News Roundup from the 2022 Fall issue of the CEGE magazine
THE SIMON AND CLAIRE BENSON AWARD
The most prestigious undergraduate student award given by CEGE, the Simon and Claire Benson Award, recognizes outstanding undergraduate performance. The award was established in memory of two former CEGE students who were killed in a car accident. This year, in an unprecedented move, the committee decided to give two awards. Stefano Gonella, Chair of the Awards Committee, announced the awards saying, “This year, we have two ex-aequo (equally placed) Benson award winners: Marhta Burket and Anne Tuttle. Both these students deeply impressed us, with their records, their determination, and their demeanor during their interview. Both winners graduated with degrees in Environmental Engineering. Each embodies a distinct, personal path towards excellence.”
MARTHA BURKET's performance was impeccable throughout her studies. What most impressed the Committee was her inquisitive, curious, and creative mindset. She was involved with research in a number of labs, most notably in the past couple of years working under the guidance of Prof. Leif Olmanson (Forest Resources) in the area of remote sensing of water resources. There she compared methodologies for remote sensing of water color as an indicator of chemical and biological activity in the water.
ANNE TUTTLE was involved with research in Prof. LaPara’s group in the field of wastewater treatment, studying the effects of Minnesota water on the hypoxic zones in the Gulf of Mexico. Her approach to coursework and academics was a constant statement of determination and hard work, which led her to excellent academic results, but, more importantly, to the development of a sincere and thoughtful passion for environmental science and engineering. The Committee was impressed by the maturity of her reflection on her academic path and by her ability to work through challenges, progressively leading to a stronger and stronger connection with her field of study.
The U of M Twin Cities ranked No. 23 nationwide in the U.S. News and World Report rankings, our highest ranking in 12 years. The Academic Ranking of World Universities (aka The Shanghai Ranking) ranked the U of M no. 44 worldwide, and placed the Twin Cities campus at 25 in the U.S. and 10 among public universities. Washington Monthly’s 2022 College Guide ranked the U of M Twin Cities as a top-20 U.S. public university. Forbes ranked the U of M Twin Cities as a top-25 public institution in 2022. Among engineering programs, CivE was ranked 17th, and EnvE ranked 11th by U.S. News.
PAUL CAPEL hosted a group of nine scientists from Brazil and Paraguay in August 2022, as part of an international cooperation with the U.S. Geological Survey. The visiting scientists represented the Brazilian Federal University for Latin American Integration (UNILA) and Itaipu Binacional, a bi-national hydropower agency and facility that supplies all of the electricity to Paraguay and a major portion of power to Brazil. While in Minnesota, the visiting scientists observed research and teaching laboratories and talked with researchers about issues of soil erosion and transport of sediment, nutrients, and man-made chemicals.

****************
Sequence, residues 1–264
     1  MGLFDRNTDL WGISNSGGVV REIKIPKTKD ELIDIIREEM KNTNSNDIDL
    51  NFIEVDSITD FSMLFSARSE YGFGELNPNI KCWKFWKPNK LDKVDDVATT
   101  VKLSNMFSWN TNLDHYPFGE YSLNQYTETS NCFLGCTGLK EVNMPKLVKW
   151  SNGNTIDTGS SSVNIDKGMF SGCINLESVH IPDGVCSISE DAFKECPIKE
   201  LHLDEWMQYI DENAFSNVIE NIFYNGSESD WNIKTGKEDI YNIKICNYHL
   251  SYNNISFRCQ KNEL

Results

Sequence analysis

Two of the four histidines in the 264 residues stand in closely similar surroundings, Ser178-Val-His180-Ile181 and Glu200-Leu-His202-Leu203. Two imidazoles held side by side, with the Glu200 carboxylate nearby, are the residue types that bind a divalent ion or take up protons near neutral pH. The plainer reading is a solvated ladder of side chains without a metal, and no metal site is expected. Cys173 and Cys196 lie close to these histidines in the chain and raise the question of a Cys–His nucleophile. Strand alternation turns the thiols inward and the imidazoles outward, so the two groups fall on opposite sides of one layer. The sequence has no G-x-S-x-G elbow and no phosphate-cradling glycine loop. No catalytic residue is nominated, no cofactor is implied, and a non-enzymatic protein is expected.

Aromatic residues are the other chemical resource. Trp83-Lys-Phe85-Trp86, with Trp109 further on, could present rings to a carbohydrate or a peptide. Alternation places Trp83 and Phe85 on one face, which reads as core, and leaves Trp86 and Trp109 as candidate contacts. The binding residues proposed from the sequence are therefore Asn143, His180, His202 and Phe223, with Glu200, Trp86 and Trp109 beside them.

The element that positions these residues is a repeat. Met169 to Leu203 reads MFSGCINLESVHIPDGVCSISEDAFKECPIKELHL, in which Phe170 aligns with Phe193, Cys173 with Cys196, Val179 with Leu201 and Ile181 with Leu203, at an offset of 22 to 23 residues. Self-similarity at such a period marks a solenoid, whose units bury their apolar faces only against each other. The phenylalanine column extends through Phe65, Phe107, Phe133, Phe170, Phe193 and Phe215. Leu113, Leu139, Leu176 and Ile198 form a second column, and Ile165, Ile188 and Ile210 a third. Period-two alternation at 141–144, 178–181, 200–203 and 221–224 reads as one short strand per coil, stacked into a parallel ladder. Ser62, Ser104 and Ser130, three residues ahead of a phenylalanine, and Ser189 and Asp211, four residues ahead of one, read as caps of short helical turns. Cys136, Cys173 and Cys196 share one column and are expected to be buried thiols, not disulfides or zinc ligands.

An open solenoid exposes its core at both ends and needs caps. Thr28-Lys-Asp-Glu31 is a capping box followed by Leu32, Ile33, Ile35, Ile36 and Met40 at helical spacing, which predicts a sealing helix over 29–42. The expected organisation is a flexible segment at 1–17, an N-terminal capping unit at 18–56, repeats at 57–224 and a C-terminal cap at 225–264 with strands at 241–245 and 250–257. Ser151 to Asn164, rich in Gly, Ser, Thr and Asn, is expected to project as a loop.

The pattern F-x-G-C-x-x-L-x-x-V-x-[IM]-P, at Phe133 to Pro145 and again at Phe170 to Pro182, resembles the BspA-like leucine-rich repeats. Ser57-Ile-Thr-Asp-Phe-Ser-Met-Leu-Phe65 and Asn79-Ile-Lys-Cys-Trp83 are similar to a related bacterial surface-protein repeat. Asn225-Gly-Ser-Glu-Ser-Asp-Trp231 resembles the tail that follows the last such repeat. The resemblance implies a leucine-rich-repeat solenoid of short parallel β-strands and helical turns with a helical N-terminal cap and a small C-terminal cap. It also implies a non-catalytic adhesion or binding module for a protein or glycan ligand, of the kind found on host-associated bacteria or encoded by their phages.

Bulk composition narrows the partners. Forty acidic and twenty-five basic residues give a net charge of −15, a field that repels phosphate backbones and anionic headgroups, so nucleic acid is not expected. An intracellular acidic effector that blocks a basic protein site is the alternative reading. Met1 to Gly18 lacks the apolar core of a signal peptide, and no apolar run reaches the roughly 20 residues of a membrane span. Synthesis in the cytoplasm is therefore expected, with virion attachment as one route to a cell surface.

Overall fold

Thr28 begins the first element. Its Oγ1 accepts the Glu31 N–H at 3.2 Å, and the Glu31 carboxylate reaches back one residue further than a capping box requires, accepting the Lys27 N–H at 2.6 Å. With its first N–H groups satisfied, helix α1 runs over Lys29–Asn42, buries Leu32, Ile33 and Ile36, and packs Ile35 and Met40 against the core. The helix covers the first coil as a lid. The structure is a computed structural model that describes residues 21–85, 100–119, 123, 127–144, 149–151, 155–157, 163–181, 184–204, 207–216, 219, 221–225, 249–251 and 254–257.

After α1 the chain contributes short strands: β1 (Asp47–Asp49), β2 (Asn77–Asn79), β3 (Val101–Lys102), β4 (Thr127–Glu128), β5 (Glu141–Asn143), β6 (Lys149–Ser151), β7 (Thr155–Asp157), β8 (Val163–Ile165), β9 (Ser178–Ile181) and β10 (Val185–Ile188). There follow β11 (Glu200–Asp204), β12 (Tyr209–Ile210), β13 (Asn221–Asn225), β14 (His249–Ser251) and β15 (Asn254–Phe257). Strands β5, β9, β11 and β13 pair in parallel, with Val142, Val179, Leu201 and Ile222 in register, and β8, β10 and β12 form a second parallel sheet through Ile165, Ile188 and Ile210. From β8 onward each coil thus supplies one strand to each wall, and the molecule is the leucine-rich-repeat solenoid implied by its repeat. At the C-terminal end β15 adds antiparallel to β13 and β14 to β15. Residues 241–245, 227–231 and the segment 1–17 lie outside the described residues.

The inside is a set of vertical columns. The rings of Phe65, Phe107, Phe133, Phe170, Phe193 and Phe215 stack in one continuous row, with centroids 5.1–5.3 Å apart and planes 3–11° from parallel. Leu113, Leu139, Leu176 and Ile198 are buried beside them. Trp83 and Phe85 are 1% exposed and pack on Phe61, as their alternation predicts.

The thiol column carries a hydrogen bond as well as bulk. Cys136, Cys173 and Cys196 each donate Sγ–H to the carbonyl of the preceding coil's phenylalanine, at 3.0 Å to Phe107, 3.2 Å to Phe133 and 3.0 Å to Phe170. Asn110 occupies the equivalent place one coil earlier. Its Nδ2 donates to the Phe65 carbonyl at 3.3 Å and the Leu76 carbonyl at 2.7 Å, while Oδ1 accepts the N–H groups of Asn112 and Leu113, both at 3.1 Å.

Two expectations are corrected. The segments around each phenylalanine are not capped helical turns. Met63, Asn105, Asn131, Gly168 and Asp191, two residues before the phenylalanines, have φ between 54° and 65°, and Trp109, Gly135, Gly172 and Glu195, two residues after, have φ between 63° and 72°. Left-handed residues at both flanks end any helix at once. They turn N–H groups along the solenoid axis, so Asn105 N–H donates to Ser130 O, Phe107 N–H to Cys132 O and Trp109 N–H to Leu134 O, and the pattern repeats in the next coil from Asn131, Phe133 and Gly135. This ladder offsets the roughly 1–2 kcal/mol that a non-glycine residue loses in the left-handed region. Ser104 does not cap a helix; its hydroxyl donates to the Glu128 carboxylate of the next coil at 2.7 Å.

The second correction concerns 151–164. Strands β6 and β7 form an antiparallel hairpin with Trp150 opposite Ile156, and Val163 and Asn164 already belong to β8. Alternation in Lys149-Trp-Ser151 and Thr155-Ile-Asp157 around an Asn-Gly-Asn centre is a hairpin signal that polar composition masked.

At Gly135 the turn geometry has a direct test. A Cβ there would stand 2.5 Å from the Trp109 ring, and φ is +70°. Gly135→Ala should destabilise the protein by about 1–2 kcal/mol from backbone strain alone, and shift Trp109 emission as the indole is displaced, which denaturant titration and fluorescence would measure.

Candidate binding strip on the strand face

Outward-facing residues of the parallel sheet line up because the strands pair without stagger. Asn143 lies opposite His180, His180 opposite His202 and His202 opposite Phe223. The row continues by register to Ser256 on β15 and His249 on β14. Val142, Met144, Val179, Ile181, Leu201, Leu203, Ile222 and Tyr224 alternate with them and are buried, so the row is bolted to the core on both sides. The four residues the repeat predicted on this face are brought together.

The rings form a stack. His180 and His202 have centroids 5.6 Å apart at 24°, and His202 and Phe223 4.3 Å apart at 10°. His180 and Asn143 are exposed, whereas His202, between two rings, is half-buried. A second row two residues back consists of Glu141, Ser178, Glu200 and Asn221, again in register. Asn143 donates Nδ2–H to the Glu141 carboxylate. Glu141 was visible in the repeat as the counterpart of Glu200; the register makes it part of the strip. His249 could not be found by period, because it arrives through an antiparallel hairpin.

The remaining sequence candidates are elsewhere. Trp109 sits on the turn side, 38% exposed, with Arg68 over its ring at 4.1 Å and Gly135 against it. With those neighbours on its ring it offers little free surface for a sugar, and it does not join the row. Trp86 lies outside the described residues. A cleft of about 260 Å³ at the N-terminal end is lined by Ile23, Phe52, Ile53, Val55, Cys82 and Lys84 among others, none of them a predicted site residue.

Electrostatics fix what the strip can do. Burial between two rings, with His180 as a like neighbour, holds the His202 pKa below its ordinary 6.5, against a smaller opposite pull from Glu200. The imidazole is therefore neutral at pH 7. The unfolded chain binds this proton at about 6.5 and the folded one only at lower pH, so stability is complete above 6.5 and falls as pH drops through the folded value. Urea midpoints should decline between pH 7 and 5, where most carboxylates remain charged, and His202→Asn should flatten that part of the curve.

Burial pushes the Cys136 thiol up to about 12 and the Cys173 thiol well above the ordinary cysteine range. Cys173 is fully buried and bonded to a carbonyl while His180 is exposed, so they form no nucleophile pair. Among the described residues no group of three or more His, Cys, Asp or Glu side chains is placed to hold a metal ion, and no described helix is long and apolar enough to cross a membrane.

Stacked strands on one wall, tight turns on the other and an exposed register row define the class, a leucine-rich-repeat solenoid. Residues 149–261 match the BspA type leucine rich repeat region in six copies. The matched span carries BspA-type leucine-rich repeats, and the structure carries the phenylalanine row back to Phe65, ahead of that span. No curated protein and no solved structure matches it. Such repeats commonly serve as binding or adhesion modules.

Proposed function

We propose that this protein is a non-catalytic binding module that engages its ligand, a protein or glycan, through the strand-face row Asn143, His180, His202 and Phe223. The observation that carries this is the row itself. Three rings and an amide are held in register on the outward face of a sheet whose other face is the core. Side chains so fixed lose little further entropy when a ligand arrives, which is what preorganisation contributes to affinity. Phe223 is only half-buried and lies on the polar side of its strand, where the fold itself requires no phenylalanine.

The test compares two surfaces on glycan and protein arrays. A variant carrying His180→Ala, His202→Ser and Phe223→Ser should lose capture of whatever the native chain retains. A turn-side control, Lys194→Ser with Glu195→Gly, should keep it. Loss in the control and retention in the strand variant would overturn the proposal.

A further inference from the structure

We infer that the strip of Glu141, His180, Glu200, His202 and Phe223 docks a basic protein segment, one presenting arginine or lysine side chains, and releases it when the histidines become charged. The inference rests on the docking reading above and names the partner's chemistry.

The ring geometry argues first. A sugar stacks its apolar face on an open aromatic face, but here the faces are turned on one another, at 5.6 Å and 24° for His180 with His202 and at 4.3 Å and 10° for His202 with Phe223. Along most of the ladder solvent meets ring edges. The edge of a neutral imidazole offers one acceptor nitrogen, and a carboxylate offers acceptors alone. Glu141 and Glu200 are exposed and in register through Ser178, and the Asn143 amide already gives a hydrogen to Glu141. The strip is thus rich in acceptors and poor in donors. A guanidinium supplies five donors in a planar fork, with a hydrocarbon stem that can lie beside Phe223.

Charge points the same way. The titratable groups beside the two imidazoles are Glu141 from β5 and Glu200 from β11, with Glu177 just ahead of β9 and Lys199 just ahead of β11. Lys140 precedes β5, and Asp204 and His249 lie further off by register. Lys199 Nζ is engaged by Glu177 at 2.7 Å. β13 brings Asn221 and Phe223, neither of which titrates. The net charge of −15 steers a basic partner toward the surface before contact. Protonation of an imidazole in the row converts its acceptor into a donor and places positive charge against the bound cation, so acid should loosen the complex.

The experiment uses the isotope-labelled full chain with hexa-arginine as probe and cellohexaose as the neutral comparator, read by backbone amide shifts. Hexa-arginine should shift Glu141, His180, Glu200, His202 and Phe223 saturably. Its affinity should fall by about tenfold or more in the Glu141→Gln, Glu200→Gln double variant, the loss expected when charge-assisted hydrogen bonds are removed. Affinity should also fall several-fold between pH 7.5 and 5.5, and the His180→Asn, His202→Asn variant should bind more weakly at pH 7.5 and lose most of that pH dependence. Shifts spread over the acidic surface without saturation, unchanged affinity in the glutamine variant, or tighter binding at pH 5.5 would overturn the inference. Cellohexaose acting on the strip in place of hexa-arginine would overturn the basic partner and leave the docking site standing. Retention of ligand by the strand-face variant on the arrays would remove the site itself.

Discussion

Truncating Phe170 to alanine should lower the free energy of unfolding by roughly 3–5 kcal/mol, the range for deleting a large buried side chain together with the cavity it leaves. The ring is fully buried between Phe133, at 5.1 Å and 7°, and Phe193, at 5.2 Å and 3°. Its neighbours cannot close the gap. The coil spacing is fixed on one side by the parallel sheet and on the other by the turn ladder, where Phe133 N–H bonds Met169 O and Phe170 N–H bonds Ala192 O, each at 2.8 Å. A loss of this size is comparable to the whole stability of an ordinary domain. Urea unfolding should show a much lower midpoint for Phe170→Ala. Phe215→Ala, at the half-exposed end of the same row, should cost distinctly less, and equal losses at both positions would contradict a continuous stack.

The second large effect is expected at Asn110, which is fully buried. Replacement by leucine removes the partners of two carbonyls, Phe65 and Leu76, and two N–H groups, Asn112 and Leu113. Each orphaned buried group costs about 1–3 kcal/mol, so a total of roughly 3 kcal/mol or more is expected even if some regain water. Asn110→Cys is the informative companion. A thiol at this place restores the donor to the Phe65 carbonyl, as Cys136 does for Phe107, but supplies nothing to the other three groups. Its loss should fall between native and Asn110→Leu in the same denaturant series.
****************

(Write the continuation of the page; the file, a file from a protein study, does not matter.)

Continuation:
XUE FENG, McKnight Land-Grant Assistant Professor, has received a research award in the amount of $505,165 over three years to study snow hydrology. Salli Dymond (Institute on the Environment) is her co-principal investigator. The researchers propose to look at how forest controls snowpack timing and duration, and how that gets mediated by frost and lateral flow of water. They will use models and field measurements from a catchment in northern Minnesota.
QIZHI HE received a U of M Informatics Institute seed grant award. He and Ju Sun are developing a physics aware machine learning framework to help predict and reduce defects in metal additive manufacturing (3D printing). Their novel, knowledge-augmented, machine learning tool will quickly and reliably predict thermal mechanical behavior and the induced defects by using thermomechanical models and process monitoring data.
MIKI HONDZO was elected to a three- year term on the National Harmful Algal Bloom (HAB) Committee (NHC). The mission of the NHC is to facilitate coordination and communication of activities for the U.S. HAB community at a national level, to provide a collective voice of the academic, management, and stakeholder communities interested in national issues related to harmful algal bloom.
JOHN HOURDOS is part of an Inter- Sections grant project. InterSections is a new research funding initiative by the College of Science and Engineering; its goal is to bring together resources from around the College to encourage intersectional, collaborative research. Hourdos was instrumental in connecting Sarah Swisher from the Department of Electrical and Computer Engineering, Andreas Stein from Chemistry, Philippe Buhlmann also from Chemistry, and Arthur Erdman from Mechanical Engineering. The team will be prototyping a continuously monitoring sensor, so doctors can do some experimentation. And secondly, they will work on creating such a device at the nanoscale. Their goal is to use the InterSections seed funding to demonstrate the feasibility of manufacturing a kind of nano-needle that can measure what is desired, and then to develop a micro-electronic that allows doctors to receive continuous measurements.